Monday, July 27, 2015

designing making practicing | The Movement Infrastructure

A “movement infrastructure” is based on models of the five Platonic polyhedra —tetrahedron, cube, octahedron, dodecahedron, icosahedron— built at human scale and consisting of 3D printed parts and off-the-shelf components. The geometric characteristics of the regular polyhedra are applied to interpret the proportions and movement of the human body. Geometry is a reference system but also an inspiration source for movement sequences.
Below are excerpts from visual journals of my daily practice.


The Laban icosahedron is perhaps one of the most renown physical structures in dance. The name is from his creator Rudolf Laban (1879-1958), who applied the five regular polyhedra to movement sequences, he defined as "scale". The icosahedron,  for one hundred year has been used in choreography by Rudolf Laban and his legacy as a framework for dance routines. 
3D printing technology is used to facilitate the assembling of the icosahedron, which become easy to assemble readily available for fitness practices outside the dance studio. The geometry underpinning the icosahedron connections are also a metaphor for the movement sequences performed framed by its structure. 
The icosahedron comprises twenty faces, thirty edges and twelve vertices. My icosahedron is made of PVC pipe connected by 3D printed vertices/joints I designed. It fits my height and the movement sequence I perform inside is based on a vinyasa sequence which includes sirsasana (headstand). It is interesting how the geometry of the solids is linked to structural strength and balance. 
The icosahedron and the anatomical planes aligned to the "golden ratio" rectangles defined by the vertices of the icosahedron
A diagram of spiraling movements inside the icosahedron


An icosahedron made of 3D printed joints and PVC pipes has been installed in my studio on February 2015 and has become part of my daily practice.
My daily yoga practice inside the icosahedron: February 19 2015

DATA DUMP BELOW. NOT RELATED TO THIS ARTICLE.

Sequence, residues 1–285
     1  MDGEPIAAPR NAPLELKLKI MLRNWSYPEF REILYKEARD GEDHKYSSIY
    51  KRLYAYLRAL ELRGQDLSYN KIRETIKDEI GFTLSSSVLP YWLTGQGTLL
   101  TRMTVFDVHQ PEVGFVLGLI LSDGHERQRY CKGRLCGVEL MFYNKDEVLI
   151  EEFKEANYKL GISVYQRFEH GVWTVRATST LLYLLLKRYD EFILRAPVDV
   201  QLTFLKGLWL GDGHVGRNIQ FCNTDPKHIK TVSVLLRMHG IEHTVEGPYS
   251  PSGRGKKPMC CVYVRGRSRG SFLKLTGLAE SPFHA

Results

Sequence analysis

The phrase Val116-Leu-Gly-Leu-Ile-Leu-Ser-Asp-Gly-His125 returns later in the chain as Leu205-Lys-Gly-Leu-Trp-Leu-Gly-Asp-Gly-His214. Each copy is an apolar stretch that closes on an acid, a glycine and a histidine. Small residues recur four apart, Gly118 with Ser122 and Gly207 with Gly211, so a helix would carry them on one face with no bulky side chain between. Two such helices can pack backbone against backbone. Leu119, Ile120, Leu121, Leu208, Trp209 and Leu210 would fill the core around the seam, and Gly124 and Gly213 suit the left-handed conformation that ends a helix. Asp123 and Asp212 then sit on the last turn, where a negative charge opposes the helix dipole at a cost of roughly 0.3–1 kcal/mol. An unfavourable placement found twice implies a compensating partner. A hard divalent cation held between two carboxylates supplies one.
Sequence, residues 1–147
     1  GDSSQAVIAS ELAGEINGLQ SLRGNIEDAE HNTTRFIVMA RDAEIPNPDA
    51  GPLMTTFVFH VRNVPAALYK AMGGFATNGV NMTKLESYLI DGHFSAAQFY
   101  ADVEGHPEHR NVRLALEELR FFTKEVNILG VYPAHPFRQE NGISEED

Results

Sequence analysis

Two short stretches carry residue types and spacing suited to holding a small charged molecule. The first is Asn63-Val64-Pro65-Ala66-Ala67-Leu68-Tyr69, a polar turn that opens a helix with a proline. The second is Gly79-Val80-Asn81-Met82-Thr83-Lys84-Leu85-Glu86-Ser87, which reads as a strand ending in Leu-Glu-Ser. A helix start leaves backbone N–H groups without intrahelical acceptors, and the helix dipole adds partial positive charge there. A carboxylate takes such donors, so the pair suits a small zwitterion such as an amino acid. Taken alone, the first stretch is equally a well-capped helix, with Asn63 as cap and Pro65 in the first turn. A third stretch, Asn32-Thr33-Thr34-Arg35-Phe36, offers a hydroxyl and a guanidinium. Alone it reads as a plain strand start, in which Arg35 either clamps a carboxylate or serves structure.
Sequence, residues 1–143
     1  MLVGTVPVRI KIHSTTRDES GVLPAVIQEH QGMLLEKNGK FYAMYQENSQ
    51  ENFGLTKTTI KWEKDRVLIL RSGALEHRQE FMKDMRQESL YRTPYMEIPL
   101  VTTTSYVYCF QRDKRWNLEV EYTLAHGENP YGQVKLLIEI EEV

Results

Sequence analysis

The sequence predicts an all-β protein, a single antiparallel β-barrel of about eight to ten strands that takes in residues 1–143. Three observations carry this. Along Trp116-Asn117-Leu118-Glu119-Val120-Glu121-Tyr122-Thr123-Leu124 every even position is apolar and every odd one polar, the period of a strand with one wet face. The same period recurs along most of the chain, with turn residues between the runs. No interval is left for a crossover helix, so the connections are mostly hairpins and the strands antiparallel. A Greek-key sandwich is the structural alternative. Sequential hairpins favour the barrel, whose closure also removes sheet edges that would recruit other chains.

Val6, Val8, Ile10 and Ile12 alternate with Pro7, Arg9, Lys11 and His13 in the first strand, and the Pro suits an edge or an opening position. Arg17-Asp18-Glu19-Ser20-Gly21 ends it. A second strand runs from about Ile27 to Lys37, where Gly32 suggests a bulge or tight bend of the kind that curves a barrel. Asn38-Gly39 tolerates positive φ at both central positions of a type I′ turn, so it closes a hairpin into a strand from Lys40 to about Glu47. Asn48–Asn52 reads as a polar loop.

My First Icosahedron | Geelong, Australia
My first movement infrastructure based on the icosahedron was assembled in April 2014, while I was working on my doctoral research in Australia. 
I started experimenting with different spatial arrangements of the icosahedron installed in a very small living space. The most stable configuration is achieved when the solid is placed with one face (and its three enclosing edges) in contact with the ground; when there is only one edge in contact with the ground support is needed.


On September 28 2014 the fabrication of the prototype of the first movement structure, the icosahedron, was completed at Sun Farm.
The icosahedron is made of PVC pipes connected by 3D printed joints which I designed following the principles of material efficiency and easy assembly. I started a practice with my own yoga vocabulary based interpretation of the Laban scale A.


As the day unfolds, my movement practice —inspired by geometry in the dichotomy between inner visualization and physical constructions— transitions and evolves following the complexity of the Platonic solids. Below are a few snapshots from the "imaginary" octahedron inscribed in the built icosahedron. The movement sequence theme is the extension toward the four points of squares with vertices and edges coincident with an octahedron. The solid is defined by edges of the same length as the square.

Video excerpts

Video of the complete practice on March 6 2015 with different effects to explore movement geometry.